Across all mediums of art, artists draw influence from their predecessors. The Beatles influenced today’s modern music, the Pyramids influenced modern-day architecture, and in the world of comics, the marks of other literary pieces are splashed on every page.
Bone is a comic book series written and drawn by Jeff Smith and is highly regarded comic series. It ran as irregularly-released issues from 1991 to 2004. It has been regarded as a hysterical reference to J.R.R. Tolkien’s The Lord of the Rings and has received numerous awards. It follows the Bone cousins as they are run out of their hometown, Boneville, and forced to cross a desert, separated, reunited, and taken in by a mysterious girl and her grandmother all while spoofing a fantasy and medieval type setting. The protagonists are bizarrely humanoid white figures (who resemble the yellow iconic smiley face we know today) while many of the other characters are simply human. As the reader progresses through the story they are introduced to monsters. While many of these “bad guys” are horrific, the two main antagonists appear as adorable, fuzzy creatures, which is in harsh contrast to their intentions.
The art style of the Bone comics is very distinct. Jeff Smith seems as if he drew from old newspaper Sunday comics, but integrated a clear American animation style. Smith explains that he was inspired by all of these sources, but most notably, Walt Kelly’s Pogo. Kelly’s characters are a cynical representation of human nature. The characters were self aware and appeared in the comic strips for over 27 years (1948-1975). Kelly combined everything from slapstick humor, to puns, to burlesque humor.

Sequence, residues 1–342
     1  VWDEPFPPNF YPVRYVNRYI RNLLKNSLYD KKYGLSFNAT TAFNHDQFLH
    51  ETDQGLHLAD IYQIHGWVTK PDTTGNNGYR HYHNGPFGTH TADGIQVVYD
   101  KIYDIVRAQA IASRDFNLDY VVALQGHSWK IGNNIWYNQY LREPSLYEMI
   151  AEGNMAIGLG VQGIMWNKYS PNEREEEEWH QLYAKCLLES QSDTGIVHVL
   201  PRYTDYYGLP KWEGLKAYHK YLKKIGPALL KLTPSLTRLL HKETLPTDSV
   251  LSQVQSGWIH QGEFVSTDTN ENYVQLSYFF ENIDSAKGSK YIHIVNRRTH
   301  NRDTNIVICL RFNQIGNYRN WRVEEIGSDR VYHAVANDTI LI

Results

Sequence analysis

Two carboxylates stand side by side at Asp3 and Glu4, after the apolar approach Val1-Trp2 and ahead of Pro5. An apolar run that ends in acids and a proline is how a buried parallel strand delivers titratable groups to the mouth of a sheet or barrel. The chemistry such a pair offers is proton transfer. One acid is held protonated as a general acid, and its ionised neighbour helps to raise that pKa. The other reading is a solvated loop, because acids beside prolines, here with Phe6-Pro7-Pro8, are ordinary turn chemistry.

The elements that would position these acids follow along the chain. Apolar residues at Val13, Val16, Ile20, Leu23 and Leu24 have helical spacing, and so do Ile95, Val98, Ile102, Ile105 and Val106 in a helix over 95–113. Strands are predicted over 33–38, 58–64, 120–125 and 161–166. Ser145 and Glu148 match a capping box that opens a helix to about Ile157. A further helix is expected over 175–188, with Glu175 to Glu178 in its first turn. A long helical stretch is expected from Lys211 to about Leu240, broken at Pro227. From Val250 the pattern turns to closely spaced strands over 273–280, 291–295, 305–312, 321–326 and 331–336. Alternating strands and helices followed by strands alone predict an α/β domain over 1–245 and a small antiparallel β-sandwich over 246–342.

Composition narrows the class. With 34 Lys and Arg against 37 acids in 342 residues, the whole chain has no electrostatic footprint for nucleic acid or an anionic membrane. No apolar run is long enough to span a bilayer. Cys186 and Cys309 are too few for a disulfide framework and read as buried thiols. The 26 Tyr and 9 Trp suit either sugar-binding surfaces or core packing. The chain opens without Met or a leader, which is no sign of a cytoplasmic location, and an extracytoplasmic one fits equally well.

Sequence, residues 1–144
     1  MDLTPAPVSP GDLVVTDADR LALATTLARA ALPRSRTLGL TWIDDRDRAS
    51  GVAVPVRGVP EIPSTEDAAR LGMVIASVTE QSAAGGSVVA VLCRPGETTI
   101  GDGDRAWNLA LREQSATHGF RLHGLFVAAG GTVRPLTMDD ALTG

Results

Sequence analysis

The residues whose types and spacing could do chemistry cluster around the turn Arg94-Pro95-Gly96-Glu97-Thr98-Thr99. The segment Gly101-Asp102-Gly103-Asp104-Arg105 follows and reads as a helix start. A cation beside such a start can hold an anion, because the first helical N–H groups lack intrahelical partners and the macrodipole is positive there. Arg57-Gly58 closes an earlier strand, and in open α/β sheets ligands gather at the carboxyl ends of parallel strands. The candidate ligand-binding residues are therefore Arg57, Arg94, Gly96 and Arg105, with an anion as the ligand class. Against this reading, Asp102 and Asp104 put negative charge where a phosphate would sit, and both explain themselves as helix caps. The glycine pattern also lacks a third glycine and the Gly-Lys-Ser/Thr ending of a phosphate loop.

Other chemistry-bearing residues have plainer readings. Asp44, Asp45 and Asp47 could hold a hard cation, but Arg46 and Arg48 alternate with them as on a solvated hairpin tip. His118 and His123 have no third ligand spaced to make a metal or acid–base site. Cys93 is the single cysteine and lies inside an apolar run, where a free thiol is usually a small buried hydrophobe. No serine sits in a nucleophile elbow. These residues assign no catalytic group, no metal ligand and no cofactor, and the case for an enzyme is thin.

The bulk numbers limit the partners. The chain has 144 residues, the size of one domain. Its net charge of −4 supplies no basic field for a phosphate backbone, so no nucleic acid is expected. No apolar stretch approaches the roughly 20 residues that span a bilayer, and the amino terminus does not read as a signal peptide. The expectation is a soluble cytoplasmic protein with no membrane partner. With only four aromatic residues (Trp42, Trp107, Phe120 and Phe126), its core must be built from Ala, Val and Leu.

Comic artists have drawn on each other since the beginning of the comic strip in the mid-1800s. Original art is content that has never existed before, but realistically it is inspired by real life or another artist. Reading comics today shows clearly the integration of pop culture, classic comics, movies, and other various art forms. Bone is one of my favorite comics, but realizing that the roots started somewhere else helps me understand the evolution of comic art as a whole. There is a clear connection between Bone and The Lord of the Rings and the Pogo comics, yet Bone is its own story and stands on its own merit.